Talons Philosophy

An Open Online Highschool Philosophy Course


Knowledge is…



Knowledge is an idea, concept, or belief that can be communicated between at least two organisms. If one can first acquire and retain information in such a way that we can categorize it as knowledge, then that knowledge itself could be useless unless a clear thought path was evident, in such a way that the knowledge could be understood by the being itself, and then be understood by other beings or organisms that encounter the original being.

The key characteristic of knowledge is that it should be possible to share that knowledge with others in some way. The method of communication itself is rather unimportant, as long as there is a way to pass that information between two organisms one way or another. I purposefully didn’t say “conscious” organisms because I believe knowledge is in some ways shared by organisms that we might not consider “conscious”. For instance, although pine trees cannot directly share ideas, or discuss the best time to release their pinecones, they all participate in this action at the same time (if they are living in the same place of course). Or if a maple tree, is attacked by bugs, it will release a pheromone that will tell other surrounding trees to start creating chemicals and pheromones to help fight off, and repel the bugs.

One could argue that this communication between plant species is a form of knowledge, because it is shared with the other trees in its immediate surrounding community. Even though most people think only of humans when contemplating what or who can actually attain knowledge, but we must realize that knowledge is prevalent in all kingdoms of life. from plants, to animals, to humans, to the cells that they are composed of. I believe that an organism doesn’t have to be “conscious” to be able to pass on or attain “knowledge”. self awareness, and consciousness do make the sharing of knowledge substantially easier. such as with animals, wolves are taught how to hunt by the elder wolves who were in turn taught by their parents. or in the way that many birds migrate south at the same time every year, they contain the knowledge that it will soon be too cold to sustain their food source, and they will die if they do not migrate to places where food will be more abundant in the winter.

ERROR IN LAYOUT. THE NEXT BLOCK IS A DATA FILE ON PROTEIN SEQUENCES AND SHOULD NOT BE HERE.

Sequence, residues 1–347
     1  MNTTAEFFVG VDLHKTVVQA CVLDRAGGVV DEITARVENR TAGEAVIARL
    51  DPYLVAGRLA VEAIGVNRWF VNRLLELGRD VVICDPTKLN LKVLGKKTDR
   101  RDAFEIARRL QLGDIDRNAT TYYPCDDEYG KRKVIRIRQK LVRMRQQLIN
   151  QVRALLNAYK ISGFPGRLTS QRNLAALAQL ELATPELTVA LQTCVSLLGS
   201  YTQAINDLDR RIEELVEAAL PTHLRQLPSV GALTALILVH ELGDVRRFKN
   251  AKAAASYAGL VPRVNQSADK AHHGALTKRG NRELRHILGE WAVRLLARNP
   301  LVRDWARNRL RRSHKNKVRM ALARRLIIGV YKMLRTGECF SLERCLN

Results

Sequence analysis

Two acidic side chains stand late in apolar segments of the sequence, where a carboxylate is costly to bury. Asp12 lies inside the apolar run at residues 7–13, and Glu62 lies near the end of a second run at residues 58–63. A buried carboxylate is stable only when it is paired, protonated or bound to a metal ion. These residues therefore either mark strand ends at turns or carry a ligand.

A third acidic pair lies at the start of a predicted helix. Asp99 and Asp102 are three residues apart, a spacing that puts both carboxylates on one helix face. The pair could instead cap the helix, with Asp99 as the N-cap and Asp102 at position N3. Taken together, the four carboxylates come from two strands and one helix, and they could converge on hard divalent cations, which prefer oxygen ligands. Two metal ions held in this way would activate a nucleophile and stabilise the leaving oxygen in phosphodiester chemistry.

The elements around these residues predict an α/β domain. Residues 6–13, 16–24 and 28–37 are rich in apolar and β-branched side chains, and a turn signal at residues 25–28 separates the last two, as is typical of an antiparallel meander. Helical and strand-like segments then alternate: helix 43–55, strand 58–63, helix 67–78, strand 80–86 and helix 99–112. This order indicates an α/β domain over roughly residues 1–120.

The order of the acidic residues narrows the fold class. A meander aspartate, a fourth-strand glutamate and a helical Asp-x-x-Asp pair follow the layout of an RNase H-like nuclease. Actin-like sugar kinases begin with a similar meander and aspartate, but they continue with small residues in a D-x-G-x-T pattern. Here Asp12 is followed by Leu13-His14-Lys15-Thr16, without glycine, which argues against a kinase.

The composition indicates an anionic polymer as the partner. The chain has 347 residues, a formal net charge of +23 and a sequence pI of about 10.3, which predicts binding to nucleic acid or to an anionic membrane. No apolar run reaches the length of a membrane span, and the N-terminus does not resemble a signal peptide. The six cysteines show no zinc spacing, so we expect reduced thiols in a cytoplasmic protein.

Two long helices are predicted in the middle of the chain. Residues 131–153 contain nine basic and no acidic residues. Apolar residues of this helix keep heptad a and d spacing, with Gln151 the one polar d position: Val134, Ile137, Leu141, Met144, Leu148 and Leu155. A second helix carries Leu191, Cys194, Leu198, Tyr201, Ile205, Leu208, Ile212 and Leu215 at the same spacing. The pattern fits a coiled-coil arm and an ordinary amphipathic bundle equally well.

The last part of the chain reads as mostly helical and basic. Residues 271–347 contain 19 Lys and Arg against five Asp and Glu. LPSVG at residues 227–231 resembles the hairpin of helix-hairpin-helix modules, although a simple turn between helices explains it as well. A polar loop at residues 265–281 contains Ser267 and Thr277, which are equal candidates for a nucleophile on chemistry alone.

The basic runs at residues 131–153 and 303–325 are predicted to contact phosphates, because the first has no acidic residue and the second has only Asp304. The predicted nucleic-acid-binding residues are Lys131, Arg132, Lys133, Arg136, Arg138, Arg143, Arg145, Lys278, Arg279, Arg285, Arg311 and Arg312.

the key difference however lies in what different organisms use their acquired knowledge for. In the animal and plant kingdoms it would be accurate to say that the knowledge they acquire is used for survival purposes almost exclusively. Humans on the other hand do indeed use much of our knowledge for survival, but we also have the ability to debate and discuss ethical topics that aren’t necessities to survive. Humans just like other organisms are constantly looking for ways to make life easier, but at the same time we are one of the only species that constantly feels discontent with systems that are already working well, and don’t necessarily need change at all.






Leave a Reply

Your email address will not be published. Required fields are marked *